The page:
City has been rocked by reports of stabbing, kidnapping
By Ethan Colbert
Crime happens everywhere, including in Bowling Green, but local city officials say that they feel the city remains a safe community for young families and older adults alike.
Recent police reports of drug use throughout the city, a stabbing on West Locust, a kidnapping on South Broadway and other crimes have had some citizens asking city officials if Bowling Green is becoming unsafe or a dangerous place to call home.
While hearing of these events can certainly be jarring, city officials say that they believe Bowling Green remains a safe city.
“I think Bowling Green is still a small enough community that nearly everybody still knows everybody,” Barb Allison said during an interview at City Hall on Monday. Allison is the city’s administrator and is a lifelong resident of the community. “I feel that anyone should be able to walk down the street without fear that something is going to happen to them. For the most part, I feel like Bowling Green is still a good little community that you can live in and feel safe in.”
City of Bowling Green Police Chief Don Nacke shared similar views.
“We have a lot of new people who have come to town, but we still have a lot of the older, longtime residents who have been here a long time,” Nacke said in an interview last week with the Bowling Green Times. “Honestly, I don’t think people should have any worries about walking down the street. There is nothing in Bowling Green to be afraid of.”
The city police chief cited the lack in violent crimes, such as home invasions, murders and burglaries as reasons for his confidence.
“If you actually look back to the 1980s, then I would say that crime today is less than what it was then,” Nacke said. “Back then, we had several murders that I remember. We had home invasions and burglaries. Fortunately, we have not seen those types of crimes recently and I hope that we never do. I mean, back then we had stabbings where men would have their throats slashed. Bowling Green has not seen that kind of violent crime here for a longtime.”
Allison said that she believed residents who were questioning the safety of the city were doing so out of increased awareness of crimes happening in other cities surrounding Bowling Green.
“As having lived here for all of my life basically, I don’t know that the crime level is worse,” Allison said. “I think that maybe we are just hearing more about crime now, and that is mostly because of social media. Now, we just hear about it more frequently whereas years ago, we wouldn’t have heard about it.”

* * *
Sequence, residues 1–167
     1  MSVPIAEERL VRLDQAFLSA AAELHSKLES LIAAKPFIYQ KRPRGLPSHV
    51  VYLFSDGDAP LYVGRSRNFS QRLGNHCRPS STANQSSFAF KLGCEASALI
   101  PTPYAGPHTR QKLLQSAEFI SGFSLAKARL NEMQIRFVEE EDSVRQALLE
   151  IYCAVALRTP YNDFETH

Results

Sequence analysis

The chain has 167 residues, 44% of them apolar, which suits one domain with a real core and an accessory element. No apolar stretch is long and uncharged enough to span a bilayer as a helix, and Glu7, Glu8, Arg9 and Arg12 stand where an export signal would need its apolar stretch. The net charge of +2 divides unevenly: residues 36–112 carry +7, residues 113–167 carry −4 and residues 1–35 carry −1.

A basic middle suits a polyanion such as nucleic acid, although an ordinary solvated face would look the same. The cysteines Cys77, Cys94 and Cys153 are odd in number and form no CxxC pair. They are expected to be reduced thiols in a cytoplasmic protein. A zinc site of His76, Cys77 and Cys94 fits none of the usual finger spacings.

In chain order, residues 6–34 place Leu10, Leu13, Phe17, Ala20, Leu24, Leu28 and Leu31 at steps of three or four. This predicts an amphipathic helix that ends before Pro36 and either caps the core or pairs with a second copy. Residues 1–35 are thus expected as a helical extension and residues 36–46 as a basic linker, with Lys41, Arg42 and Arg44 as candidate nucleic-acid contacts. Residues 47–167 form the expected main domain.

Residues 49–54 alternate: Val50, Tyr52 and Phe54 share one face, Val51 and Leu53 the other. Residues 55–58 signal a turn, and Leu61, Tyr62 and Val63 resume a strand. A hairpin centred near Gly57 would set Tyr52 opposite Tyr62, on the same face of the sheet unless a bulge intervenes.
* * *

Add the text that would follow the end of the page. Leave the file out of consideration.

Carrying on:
The “it” that Allison was referring to was the perceived crime wave that originated in St. Louis and has spread into Wentzville and Troy.
To help prepare for the potential crime wave hitting the boundaries of Bowling Green, city officials say they routinely meet to discuss public safety concerns.
One of those concerns is the size of the city’s police department roster. However, city leaders say that the current police force is adequate for a city of Bowling Green’s size.
“We have at least two officers on duty 24-hours a day,” Nacke said. “Our guys are pretty fortunate to have two officers on duty, and that is what we are trying to maintain — two officers per shift.”
As the city continues to grow in population size, the municipal police department’s roster will likely also need to grow, according to Allison.
“I think the need for an additional police officer is going to be on the night shift,” Allison said. “Right now, though, Bowling Green is a city that for the most part goes to sleep at 11 or 12 o’clock at night. Then from midnight to six in the morning, I don’t think anyone spends too much time chasing down the bad guys. However, as we grow as a city, it is a concern for me that the police department needs to grow, too.”
The police chief said that when he meets with the Bowling Green R-I Superintendent of Schools Dr. Matt Frederickson later this month, he would be addressing the need for a school resource officer.
“I have always been trying to push for a school resource officer, but I just can’t fund it,” Nacke said. “I am going to continue to push for it, because I would love to see somebody in that building and the entire complex.”
According to Nacke, it would cost the city’s police department about $40,000 to hire a school resource officer for the Bowling Green campus.
Ultimately, Allison said that she hopes residents do feel safe in Bowling Green no matter the city’s size.
“I would like to see Bowling Green stay this quaint little town where everybody feels safe in it, because I feel safe here and I want others to feel the same,” Allison said.